In this tutorial, we’ll show you one of the simplest and most useful operations for visualization applications - loading a model and rendering it in a window. This basic task is at the core of most applications, and it’s easy to do with HOOPS Native Platform.

As mentioned in the Getting Started section, HNP is made up of HOOPS Visualize, HOOPS Exchange, and HOOPS Publish. We’ll quickly demonstrate how to leverage these libraries to make a simple application which you can build on as you evaluate the product. The HOOPS Visualize portion of the tutorial is implemented by the HPS API, so wherever you see “hps” in a filename, or “HPS” as a namspace, this is what it is referring to. This tutorial will be using Visual Studio on Windows. You will also need to install the VS 2015 C++ Windows native libraries if not already installed.

The first thing we need to do is set up the environment and initialize the system. To do this, unzip your HNP package to a convenient location, and navigate to HNP_INSTALL_DIR/samples/hoops/hps_basic. This folder contains the project file for this tutorial. Open it your in your IDE.

The hps_basic project is set up to build out of the box, referencing all the necessary libraries. For convenience, those libraries are listed below:

  • hps_core.lib - This is the core of the HOOPS Visualize system and is always required.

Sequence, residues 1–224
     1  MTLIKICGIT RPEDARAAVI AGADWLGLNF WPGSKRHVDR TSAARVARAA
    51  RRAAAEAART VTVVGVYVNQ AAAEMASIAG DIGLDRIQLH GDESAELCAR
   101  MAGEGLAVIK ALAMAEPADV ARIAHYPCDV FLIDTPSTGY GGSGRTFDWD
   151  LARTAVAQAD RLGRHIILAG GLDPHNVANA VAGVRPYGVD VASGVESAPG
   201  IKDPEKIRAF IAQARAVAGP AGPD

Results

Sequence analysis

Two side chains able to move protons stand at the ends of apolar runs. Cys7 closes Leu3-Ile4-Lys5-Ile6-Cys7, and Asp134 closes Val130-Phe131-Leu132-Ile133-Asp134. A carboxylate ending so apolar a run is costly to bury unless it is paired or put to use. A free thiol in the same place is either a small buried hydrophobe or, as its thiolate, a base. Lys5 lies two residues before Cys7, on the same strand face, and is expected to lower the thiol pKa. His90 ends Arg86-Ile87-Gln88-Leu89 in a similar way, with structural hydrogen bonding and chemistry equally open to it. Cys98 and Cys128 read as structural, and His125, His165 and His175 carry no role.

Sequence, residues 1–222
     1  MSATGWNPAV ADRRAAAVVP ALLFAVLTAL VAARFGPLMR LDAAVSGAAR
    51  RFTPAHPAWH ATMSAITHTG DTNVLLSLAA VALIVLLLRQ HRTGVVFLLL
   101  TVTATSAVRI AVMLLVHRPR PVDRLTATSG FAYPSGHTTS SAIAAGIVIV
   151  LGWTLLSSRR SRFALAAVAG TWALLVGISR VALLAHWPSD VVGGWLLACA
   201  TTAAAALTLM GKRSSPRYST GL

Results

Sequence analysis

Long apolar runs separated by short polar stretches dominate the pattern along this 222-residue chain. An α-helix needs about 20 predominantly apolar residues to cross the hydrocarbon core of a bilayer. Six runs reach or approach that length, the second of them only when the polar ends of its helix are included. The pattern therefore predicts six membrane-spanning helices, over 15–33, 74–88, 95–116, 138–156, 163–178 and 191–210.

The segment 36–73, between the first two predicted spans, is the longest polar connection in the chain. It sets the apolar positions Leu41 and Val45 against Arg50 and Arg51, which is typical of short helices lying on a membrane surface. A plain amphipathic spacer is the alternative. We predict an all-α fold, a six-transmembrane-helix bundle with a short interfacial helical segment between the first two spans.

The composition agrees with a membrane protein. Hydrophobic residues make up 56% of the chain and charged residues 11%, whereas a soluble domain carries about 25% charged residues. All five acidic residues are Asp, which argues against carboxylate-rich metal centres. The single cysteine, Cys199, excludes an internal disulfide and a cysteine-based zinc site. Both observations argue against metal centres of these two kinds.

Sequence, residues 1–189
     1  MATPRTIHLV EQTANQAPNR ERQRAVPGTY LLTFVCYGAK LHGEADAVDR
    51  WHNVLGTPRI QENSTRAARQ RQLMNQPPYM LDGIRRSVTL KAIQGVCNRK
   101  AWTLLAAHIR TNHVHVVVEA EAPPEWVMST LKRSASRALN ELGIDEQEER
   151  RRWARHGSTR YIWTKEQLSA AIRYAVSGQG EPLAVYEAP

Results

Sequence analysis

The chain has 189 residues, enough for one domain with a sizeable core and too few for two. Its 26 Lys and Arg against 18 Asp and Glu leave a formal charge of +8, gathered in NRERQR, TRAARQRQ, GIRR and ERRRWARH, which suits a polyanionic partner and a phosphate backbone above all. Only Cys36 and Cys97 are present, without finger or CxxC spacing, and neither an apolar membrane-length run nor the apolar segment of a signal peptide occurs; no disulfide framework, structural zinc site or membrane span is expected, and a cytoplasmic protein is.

• hps_sprk.lib - This is the “Sprockets” library. Sprockets is the HOOPS Visualize term for an extension or module. If you are using any Sprockets modules, this library is required.

  • hps_sprk_ops.lib - This is the Sprockets operator library. An operator manages interaction between the user and HOOPS Visualize window, such as key presses and mouse movements.

  • hps_sprk_exchange.lib - The Sprockets Exchange library manages the interface between HOOPS Visualize and HOOPS Exchange, which is used for model reading and writing.

You’ll also notice that the include directory is set to <HNP_INSTALL_DIR>/hps/include. The last thing is to simply make sure the DLLs are present in the working directory. For this tutorial, all of this has been configured for you.

One last thing before we start

We’ve tried to make this tutorial as simple as possible. However, one fundamental thing to understand is the concept of segments. HOOPS Visualize arranges its internal data as a tree hierarchy of nodes, also known as a scene graph. Each node in the scene graph is called a segment. A segment can contain geometry, configuration information (commonly called attributes), camera settings, and much more. For example, when a model is imported, its data is copied into a segment, and this segment usually contains subsegments of its own. There is a lot more to know about the power of segments, but for now, it is enough to understand that they contain information and exist as a way to optimize and organize a scene.

This is all that’s needed to start working with HOOPS Native Platform. For this tutorial, we aren’t using any GUI frameworks - all the code is native HOOPS API code. Feel free to compile and run the hps_basic project now, then read on for more information about how it works.